Todd and Julie Chrisley: Federal government moves to seize couple's $1M settlement

Julie Chrisley (L) and Todd Chrisley (R) visit Hallmarks "Home & Family" at Universal Studios Hollywood on June 18, 2018 in Universal City, California. (Photo by Paul Archuleta/Getty Images)

Reality stars Todd and Julie Chrisley may have won a $1-million settlement in their legal battle against the state of Georgia, but the couple might not be able to keep the money for long.

Court documents obtained by RadarOnline showed the federal government is asking the court's permission to seize the seven-figure settlement payout as part of the restitution the couple owes.

The Chrisleys sued Joshua Waites, Georgia's former director of the Department of Revenue's special investigations unit, in 2019, claiming that they had been unfairly targeted in their tax evasion charge.

The lawsuit claimed that Waites focused his efforts on the family and targeted Todd Chrisley's estranged daughter Lindise, going so far as to allegedly share the couple's confidential tax information with her.

"Ultimately, Waites’ efforts failed, but in the process, the Chrisleys were forced to incur substantial personal and financial hardship," the reality stars' former attorney Michael J. Bowers wrote in the lawsuit.


At the time of the settlement, the Chrisleys' new attorney told People that the settlement was "an encouraging sign" in their federal case, but the new court filing may change that.

As part of their sentencing, the couple was ordered to immediately pay more than $17 million in restitution to the banks they swindled millions from, according to judgment documents. The federal government wants to use the $1 million to pay part of that bill.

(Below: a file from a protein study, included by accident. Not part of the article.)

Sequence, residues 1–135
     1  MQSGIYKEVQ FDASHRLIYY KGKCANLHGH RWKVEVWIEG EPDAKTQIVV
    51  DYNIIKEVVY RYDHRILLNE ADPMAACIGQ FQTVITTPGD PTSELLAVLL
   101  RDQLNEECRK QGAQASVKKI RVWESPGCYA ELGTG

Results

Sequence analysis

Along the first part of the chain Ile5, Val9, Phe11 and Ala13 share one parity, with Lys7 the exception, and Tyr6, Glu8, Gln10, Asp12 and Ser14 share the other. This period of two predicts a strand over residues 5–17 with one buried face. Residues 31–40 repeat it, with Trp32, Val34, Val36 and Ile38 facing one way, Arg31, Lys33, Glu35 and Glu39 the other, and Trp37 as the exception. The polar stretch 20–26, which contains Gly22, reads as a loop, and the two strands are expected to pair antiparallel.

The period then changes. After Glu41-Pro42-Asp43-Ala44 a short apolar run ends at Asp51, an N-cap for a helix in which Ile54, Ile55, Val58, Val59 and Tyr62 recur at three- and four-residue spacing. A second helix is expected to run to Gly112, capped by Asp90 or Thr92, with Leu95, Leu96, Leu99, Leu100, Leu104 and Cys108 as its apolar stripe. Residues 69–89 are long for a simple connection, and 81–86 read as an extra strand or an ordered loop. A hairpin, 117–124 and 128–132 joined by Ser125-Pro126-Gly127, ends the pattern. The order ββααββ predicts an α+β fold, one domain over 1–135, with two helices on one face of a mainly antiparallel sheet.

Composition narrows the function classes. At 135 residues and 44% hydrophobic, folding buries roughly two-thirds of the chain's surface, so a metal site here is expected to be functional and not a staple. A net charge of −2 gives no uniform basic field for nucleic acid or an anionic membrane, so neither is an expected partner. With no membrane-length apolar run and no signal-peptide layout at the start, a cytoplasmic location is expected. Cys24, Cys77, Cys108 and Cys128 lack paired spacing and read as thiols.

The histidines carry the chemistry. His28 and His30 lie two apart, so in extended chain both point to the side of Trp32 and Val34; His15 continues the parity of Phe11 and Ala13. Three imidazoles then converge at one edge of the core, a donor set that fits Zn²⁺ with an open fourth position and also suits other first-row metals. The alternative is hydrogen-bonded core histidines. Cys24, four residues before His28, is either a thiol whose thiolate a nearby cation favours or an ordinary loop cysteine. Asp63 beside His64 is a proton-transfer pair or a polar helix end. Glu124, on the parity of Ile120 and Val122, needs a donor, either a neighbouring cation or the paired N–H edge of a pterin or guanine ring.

Chrisleys' attorney says the payment has not gone directly to the couple.

"This money did not go directly to either Todd or Julie, however, and neither of them have received any funds from the settlement. But numerous debts they previously owed, including some reflected in the pre-sentencing financial disclosures, were paid in whole or in part. Given that these payments resolve some of their debt, and therefore change their "economic circumstances" in "material" ways, the Defendants believed it prudent to notify the Court and the United States Attorney in accordance with the Judgment," the lawyer told RadarOnline.

A federal judge has not ruled on the government's motion.

What were Todd and Julie Chrisley found guilty of?

While Todd and Julie Chrisley settled their case with the Georgia Department of Revenue for nearly $150,000, they were found guilty in 2022 of tax evasion and defrauding community banks out of more than $30 million in fraudulent loans in federal court. 

Prosecutors said the couple neglected their responsibility to repay the loans when Todd Chrisley declared bankruptcy. While in bankruptcy, they started their reality show and "flaunted their wealth and lifestyle to the American public," prosecutors wrote, and then hid the millions they made from the show from the IRS. Julie Chrisley was also convicted of wire fraud and obstruction of justice.

The Chrisleys gained fame with their show "Chrisley Knows Best," which followed their tight-knit family on the USA Network. The couple spent millions on designer-brand clothes, luxury cars and real estate, including two mansions in Nashville, Tennessee, reportedly worth about $9 million

An Atlanta U.S. District Court judge sentenced Todd Chrisley to 12 years in prison, and Julie Chrisley to seven years. Each is to serve three years of supervised release afterward.

In addition to prison time, the couple has been ordered to immediately pay more than $17 million in restitution to the banks they swindled millions from, according to judgment documents.

Peter Tarantino, an accountant hired by the couple, was found guilty of defrauding the United States and willfully filing false tax returns. He will serve three years in prison.

The Associated Press contributed to this report.